Shadow: the Jungian concept - Psychology
By Dr. Maurizio Capezzuto - www.psicologodiroma.com -
In order to have a good psycho-emotional balance, it is important that the person can express his / her potential, that he / she completes his / her design, his / her life plan. Personally I am very attached to a sentence and I hope that it can really be an incitement to "being": "The first duty a person has is towards himself". Believing that there is a tendency to direct man in this direction, I wonder what it is that drives him to alienate himself. What is that individuation process Jung talks about?
The Shadow can be defined in this case as the set of functions and attitudes of the undeveloped personality. I say in this case because when we talk about Shadow we can refer to three meanings:
1) Shadow as part of the personality.
2) Shadow as archetype *.
3) Shadow as an archetypal image.
n psychoanalysis the archetype can be defined as a universal form of thought with affective content .
However, since this is a vast and complex topic, it requires to be treated in a special article, here I will only try to mention it. The Jungian doctrine of the symbol hinges on the dialectical activity that synthesizes opposites. For Jung, the configuration of the psyche is offered to our observation as the coexistence of polar opposite aspects, I and not I, conscious and unconscious, positive and negative, etc. .. etc. .. The Shadow therefore as a lower part of the personality is a part of the totality of the psyche. It must be taken into account that the Shadow is negative as there is a positivity with which it is compared. Deep unjustified dislikes, for example, are almost always the result of the projection of one's own Shadow. The recognition of this projection constitutes the royal route for the recognition of one's own Shadow. Often in therapy we note how the subject rejecting his own Shadow condemns himself to live a partial life. As Jung observes, the Ombra abandoned to the negative is forced, so to speak, to have an autonomous life without any relation with the rest of the personality. In this way every authentic maturation of the individual is prevented, since the identification begins precisely with the recognition and integration of the Shadow. A page of Jung contained in an essay is illuminating in this regard.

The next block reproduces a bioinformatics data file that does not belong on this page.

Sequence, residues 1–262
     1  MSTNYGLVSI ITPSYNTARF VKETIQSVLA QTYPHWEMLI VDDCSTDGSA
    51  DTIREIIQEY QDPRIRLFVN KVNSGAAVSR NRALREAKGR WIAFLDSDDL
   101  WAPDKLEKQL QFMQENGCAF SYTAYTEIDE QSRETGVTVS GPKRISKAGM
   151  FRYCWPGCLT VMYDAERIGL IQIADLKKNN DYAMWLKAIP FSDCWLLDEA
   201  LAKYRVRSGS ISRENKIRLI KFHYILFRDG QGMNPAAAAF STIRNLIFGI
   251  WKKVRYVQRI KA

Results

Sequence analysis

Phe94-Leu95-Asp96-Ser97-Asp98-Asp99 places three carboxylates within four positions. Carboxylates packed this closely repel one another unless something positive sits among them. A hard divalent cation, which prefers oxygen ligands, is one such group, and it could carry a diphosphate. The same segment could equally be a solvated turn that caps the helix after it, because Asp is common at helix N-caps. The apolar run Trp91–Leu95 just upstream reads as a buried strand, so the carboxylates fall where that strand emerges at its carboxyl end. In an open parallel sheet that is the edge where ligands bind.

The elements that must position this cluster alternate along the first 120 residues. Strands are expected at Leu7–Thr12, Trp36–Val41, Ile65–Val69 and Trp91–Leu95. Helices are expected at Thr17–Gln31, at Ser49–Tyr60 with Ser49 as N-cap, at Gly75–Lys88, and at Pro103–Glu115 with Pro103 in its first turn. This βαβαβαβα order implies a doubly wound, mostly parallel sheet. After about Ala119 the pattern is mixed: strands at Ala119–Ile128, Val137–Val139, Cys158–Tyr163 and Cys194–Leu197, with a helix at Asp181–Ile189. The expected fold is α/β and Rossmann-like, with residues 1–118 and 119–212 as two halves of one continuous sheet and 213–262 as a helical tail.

A man possessed by his own Shadow stumbles constantly into his mistakes. Whenever possible, he will prefer to make an unfavorable impression on others. In the long run good luck is always against him, because he lives below his own level and, at best, he reaches only what is not his responsibility and does not concern him. If there is no obstacle in which to stumble, he will build one on purpose and then firmly believe that he has done something useful.
In psychic energetics Jung provides an image of the psyche as a multiple energetic current that can exist in the meantime because there are the poles or differences in potential within which the energy itself is established. Only in this way does the energy that was previously lost in the unrecognized or rejected shadow become available to the ego. The Shadow is that of us that cannot be solved in collective value, it is opposed to any universal value. It goes without saying that true individuality, the unrepeatable singularity, whose modern prophets are Kierkegaard and Dostoevsky, resides in the Shadow. In the instant in which man accepts the Ombra in his own psychic dynamic, he agrees to individualize himself. From the point of view of a collective morality, the integration of the Shadow enables the foundation of an individual ethic in which universal values are pursued as they are continuously related to the individual, or rather to the individual element of the personality.